Monday, June 23, 2008

Some Enchanted Evening

Some enchanted evening, let us hope, on November 4, 2008 to be precise, an exotic charmer from the South Sea isles will complete his long planned seduction of the American people, and sweep at least 270 electors off their collective feet, and . . . let’s end this metaphor here, though let me point out that “yes we can” is perhaps not all that different from “yes I said yes I will yes.”

This comparison of Barack Obama to Ezio Pinza was prompted “When Love Meets Racism” an op-ed in the Washington Post by Harold Meyerson, who is not only one of the finest political journalists in the business, but a connoisseur of what they call the “Great American Songbook,” and is the co-author of an excellent biography of leftist and lyricist Yip Harburg. Anyway , Meyerson argues that the Rodgers and Hammerstein musical “South Pacific,” currently enjoyed a much Tony-ied revival on Broadway, is the musical equivalent of the Obama campaign, a tuneful call to Americans to rediscover the better angels of their natures. Its heroine, Nelly Forbush “as corny as Kansas in August” is a “cockeyed optimist” who comes to believe, by the final curtain, that if racial prejudice could be learned, it could be unlearned and overcome. (Nelly does not, like Obama’s mom, another corny girl from Kansas, marry someone of another race, but does becomes the stepmother of interracial European and Polynesian children.)

Oscar Hammerstein II was America’s poet laureate of the stupidity and evil of racial prejudice, from “Showboat” and “The King and I” to his last works, such as “Flower Drum Song” and “The Sound of Music,” and nowhere more than in “South Pacific.” Meyerson argues that what Hammerstein and Obama share is a cockeyed optimism that America’s social problems can be solved. This is a major change from recent campaigns, in which Democrats of the Clintonian vein speak of, at best, of ameliorating and not eliminating serious problems, and Republicans tend to deny that problems exist, or that great progress has been made towards solving them or that if left alone the problems will sorta kinda solve themselves.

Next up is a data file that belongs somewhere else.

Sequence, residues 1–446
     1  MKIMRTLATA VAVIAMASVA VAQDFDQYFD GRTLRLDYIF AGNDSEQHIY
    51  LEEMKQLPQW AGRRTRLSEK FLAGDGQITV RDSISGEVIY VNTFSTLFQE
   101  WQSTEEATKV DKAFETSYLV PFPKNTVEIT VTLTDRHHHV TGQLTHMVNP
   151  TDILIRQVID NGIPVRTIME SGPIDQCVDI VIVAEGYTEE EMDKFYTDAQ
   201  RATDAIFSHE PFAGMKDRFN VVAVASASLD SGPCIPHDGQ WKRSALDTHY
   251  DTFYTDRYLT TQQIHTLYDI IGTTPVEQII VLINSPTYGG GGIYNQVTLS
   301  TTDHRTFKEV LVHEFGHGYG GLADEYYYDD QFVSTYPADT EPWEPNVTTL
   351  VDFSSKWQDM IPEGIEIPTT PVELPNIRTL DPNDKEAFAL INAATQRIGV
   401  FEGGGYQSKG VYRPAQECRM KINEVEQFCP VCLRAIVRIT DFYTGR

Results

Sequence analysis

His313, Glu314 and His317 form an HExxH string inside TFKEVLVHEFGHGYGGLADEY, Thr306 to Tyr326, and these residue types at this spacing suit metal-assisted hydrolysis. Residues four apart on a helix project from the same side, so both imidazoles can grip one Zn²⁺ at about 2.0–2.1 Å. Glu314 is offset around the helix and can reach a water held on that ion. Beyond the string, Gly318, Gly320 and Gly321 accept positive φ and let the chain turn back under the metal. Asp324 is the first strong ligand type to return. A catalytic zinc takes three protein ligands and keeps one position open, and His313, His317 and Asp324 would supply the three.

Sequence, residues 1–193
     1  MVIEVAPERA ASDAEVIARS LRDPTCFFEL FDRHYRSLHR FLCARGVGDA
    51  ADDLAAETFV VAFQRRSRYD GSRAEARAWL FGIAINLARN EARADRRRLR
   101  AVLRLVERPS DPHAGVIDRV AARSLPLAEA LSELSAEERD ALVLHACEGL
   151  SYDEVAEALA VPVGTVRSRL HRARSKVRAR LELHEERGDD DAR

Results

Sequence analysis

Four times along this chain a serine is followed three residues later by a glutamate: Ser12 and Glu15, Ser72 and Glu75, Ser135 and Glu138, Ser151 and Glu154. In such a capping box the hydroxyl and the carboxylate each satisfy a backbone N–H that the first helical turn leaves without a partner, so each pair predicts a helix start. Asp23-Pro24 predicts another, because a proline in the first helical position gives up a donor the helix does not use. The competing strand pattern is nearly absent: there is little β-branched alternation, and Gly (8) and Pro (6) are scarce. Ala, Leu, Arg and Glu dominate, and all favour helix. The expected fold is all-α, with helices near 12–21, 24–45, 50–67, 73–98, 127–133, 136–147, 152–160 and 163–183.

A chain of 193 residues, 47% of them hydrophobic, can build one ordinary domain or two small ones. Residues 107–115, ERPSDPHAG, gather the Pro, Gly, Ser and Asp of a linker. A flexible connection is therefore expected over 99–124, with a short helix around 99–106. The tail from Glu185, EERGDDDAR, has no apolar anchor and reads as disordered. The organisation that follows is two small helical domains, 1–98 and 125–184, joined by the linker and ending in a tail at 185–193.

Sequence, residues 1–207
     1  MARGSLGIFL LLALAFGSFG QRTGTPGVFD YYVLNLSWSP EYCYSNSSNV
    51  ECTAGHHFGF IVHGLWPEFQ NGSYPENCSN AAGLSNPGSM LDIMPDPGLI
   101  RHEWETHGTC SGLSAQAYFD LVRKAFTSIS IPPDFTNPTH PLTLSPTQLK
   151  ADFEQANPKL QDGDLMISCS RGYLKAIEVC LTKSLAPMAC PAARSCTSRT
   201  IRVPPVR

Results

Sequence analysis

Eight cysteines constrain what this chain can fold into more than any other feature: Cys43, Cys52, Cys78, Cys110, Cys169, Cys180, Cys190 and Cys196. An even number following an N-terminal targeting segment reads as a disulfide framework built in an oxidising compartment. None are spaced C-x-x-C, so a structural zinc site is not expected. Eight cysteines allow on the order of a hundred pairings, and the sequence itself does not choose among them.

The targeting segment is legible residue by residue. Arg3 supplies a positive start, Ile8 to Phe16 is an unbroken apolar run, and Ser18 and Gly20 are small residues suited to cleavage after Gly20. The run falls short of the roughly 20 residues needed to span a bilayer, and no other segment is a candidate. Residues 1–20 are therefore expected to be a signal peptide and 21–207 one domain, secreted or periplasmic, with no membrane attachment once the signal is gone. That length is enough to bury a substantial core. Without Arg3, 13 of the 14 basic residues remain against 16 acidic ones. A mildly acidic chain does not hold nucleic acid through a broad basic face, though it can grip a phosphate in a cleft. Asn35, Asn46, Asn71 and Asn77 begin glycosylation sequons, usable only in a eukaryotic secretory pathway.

In some ways, Obama's campaign is a return to the optimistic racial liberalism of the 1940s and the post war era. It is a quality that has been missing from Democratic politics since the deaths of Martin Luther King and Robert F. Kennedy. The harsh racial realities of the 1960s made Hammerstein’s musicals seem as outdated and sentimental. During that decade, we both overturned Jim Crow, and decided that other racial problems, such as tacit segregation in housing and education, were essentially insoluble. And this has been the racial stalemate we have lived with ever since; widely touted “progress” in some areas, that now has culminated in an African American major party candidate for president, and widely ignored lack of progress in other areas, which, when attention is paid, usually ends up blaming the victim.

Let us hope that Obama succeeds, and his optimism will bring more positive fruit than that of our last optimist in chief, Ronald Reagan. I guess I supported Hillary this year—there is, after all, nothing like a dame--because I am skeptical of the pomposity and grandiosity of optimism, which all too often proves to be nothing more than rhetoric. All I wanted was a president who was better than Bush, and a chance to wash that man right outta my hair. But I am not sorry to see Obama the candidate. In the end, without a sense of real and powerful optimism that positive change on a major scale is possible, nothing will be accomplished. This is the promise of Obama, and if he comes close to fulfulling his expectations, I will be chirping like a lark that is learning to pray.

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